incarcerate

verb
in·​car·​cer·​ate | \ in-ˈkär-sə-ˌrāt How to pronounce incarcerate (audio) \
incarcerated; incarcerating

Definition of incarcerate

transitive verb

1 : to put in prison
2 : to subject to confinement

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Synonyms & Antonyms for incarcerate

Synonyms

commit, confine, immure, imprison, intern, jail, jug, lock (up)

Antonyms

discharge, free, liberate, release

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Did You Know?

A criminal sentenced to incarceration may wish his or her debt to society could be canceled, but such a wistful felon might be surprised to learn that incarcerate and cancel are related. Incarcerate comes from incarcerare, a Latin verb meaning "to imprison." That Latin root comes from carcer, Latin for prison. Etymologists think that cancel probably got its start when the spelling of carcer was modified to cancer, which means "lattice" in Latin-an early meaning of cancel in English was "to mark (a passage) for deletion with lines crossed like a lattice." Aside from its literal meaning, incarcerate can also have a figurative application meaning "to subject to confinement," as in "people who are incarcerated in their obsessions."

Examples of incarcerate in a Sentence

the state incarcerated over 1900 people last year

Recent Examples on the Web

In Louisiana, researchers have found that 48% of ex-offenders end up re-incarcerated within five years. Casey Parks, USA Today, "'You don't know what you did for me': Released from prison by Obama, now on the dean's list," 8 July 2019 Then, in May, the Atlanta City Council voted to close the city’s jail which incarcerated an average of 70 people each day, mostly on traffic charges. NBC News, "Black women mayors: A rising force in major American cities," 8 July 2019 At age 31, Miguel Hernández succumbed to tuberculosis while incarcerated by Franco. Rigoberto González, latimes.com, "Spanish literature animates the ghosts of its embattled history," 5 July 2019 Mental-health care in Arizona prisons has been a focus of prison-reform advocates for as long as Schwickrath's son has been incarcerated. Grace Oldham, azcentral, "A mother's frightening story highlights concerns over mental-health care in Arizona prisons," 26 June 2019 The overall drop could mean that formerly incarcerated Californians began committing fewer crimes in years after reform. Ben Christopher, The Mercury News, "Any spike in repeat crimes after California sped prisoner release? New research says no," 25 June 2019 According to a study conducted by Worth Rise, prison phone companies like Securus and Keefe charge incarcerated individuals up to $20 for a 15-minute call. Kynala Phillips, Essence, "Elizabeth Warren Shares Her Plans for Prison Reform," 21 June 2019 Many end up homeless, incarcerated, or as frequent patients in already-crowded emergency rooms. John Hirschauer, National Review, "Mississippi’s Mental-Illness Policies Are Working. DOJ Is Challenging Them.," 17 June 2019 Her two children are absolutely innocent victims in this case, and their lives will suffer tremendously if Ms. Gyambibi is incarcerated. Jon Lender, courant.com, "Doctor sentenced to 3 months in compounded medicine case that defrauded Connecticut taxpayers for $877,882," 12 June 2019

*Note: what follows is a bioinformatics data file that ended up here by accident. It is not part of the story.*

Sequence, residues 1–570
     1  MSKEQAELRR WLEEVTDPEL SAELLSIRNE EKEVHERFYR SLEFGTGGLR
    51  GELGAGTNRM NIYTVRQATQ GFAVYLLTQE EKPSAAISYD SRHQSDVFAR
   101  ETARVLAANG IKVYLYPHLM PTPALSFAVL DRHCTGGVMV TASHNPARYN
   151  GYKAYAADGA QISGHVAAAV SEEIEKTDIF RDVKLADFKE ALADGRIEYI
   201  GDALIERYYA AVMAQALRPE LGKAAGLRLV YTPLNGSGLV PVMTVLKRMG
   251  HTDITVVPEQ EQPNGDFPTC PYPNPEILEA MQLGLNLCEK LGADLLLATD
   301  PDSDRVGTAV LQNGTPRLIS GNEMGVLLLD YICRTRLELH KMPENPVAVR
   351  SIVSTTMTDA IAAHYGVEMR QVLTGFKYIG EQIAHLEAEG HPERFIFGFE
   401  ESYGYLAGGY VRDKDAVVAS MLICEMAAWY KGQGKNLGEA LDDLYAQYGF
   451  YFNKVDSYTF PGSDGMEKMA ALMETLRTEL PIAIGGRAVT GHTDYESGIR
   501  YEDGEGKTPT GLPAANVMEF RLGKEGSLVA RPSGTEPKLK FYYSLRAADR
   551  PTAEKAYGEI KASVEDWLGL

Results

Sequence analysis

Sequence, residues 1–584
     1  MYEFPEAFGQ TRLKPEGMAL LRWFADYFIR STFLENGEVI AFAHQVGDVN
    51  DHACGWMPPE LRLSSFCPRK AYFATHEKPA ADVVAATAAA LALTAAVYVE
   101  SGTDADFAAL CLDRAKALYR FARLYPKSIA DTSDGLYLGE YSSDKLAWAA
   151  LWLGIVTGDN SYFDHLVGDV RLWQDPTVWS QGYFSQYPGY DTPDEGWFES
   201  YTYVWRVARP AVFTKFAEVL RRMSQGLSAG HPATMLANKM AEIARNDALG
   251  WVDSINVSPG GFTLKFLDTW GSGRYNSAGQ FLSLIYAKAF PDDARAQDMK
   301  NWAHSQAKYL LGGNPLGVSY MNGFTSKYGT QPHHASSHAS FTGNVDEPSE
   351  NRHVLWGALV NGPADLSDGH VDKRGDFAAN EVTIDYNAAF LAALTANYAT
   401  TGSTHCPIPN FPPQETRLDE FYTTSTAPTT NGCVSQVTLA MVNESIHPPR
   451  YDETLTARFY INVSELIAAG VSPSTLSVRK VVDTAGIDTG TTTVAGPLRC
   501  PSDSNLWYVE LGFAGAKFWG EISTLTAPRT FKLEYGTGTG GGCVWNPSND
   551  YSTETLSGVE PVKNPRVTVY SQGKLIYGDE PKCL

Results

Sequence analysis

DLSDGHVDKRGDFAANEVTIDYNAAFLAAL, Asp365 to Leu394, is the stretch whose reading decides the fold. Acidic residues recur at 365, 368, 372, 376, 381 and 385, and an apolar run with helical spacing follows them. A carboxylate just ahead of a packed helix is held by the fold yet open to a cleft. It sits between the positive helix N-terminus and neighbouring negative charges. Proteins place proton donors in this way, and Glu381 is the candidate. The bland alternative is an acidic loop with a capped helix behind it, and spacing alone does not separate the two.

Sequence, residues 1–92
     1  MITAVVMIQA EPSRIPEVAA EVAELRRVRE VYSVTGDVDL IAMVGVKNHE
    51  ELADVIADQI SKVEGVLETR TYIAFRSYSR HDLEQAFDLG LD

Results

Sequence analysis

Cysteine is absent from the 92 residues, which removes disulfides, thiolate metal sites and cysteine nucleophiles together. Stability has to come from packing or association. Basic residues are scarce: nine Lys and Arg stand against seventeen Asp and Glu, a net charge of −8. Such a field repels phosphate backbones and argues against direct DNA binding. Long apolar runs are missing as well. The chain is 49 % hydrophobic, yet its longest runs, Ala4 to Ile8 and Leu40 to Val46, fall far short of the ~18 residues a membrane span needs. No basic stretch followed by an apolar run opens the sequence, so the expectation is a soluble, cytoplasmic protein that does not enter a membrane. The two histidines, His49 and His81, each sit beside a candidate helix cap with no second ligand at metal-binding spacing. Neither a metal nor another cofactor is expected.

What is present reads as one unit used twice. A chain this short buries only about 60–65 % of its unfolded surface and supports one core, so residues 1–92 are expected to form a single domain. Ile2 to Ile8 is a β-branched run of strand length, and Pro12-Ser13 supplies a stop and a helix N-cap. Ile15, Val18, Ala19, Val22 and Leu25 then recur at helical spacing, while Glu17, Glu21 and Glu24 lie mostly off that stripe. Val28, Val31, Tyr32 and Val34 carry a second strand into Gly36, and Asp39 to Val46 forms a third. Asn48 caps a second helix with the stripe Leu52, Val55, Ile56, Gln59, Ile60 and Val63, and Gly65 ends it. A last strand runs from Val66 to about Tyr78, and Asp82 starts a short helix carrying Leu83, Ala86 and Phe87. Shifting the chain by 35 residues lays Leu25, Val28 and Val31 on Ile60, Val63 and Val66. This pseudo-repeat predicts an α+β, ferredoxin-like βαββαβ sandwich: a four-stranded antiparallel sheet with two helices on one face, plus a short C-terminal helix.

These example sentences are selected automatically from various online news sources to reflect current usage of the word 'incarcerate.' Views expressed in the examples do not represent the opinion of Merriam-Webster or its editors. Send us feedback.

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First Known Use of incarcerate

1575, in the meaning defined at sense 1

History and Etymology for incarcerate

Latin incarceratus, past participle of incarcerare, from in- + carcer prison

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Statistics for incarcerate

Last Updated

12 Jul 2019

Look-up Popularity

Time Traveler for incarcerate

The first known use of incarcerate was in 1575

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More Definitions for incarcerate

incarcerate

verb

English Language Learners Definition of incarcerate

formal : to put (someone) in prison

incarcerate

transitive verb
in·​car·​cer·​ate | \ in-ˈkär-sə-ˌrāt How to pronounce incarcerate (audio) \
incarcerated; incarcerating

Legal Definition of incarcerate

Other Words from incarcerate

incarceration \ in-​ˌkär-​sə-​ˈrā-​shən How to pronounce incarceration (audio) \ noun

History and Etymology for incarcerate

Latin incarceratus, past participle of incarcerare, from in- in + carcer prison

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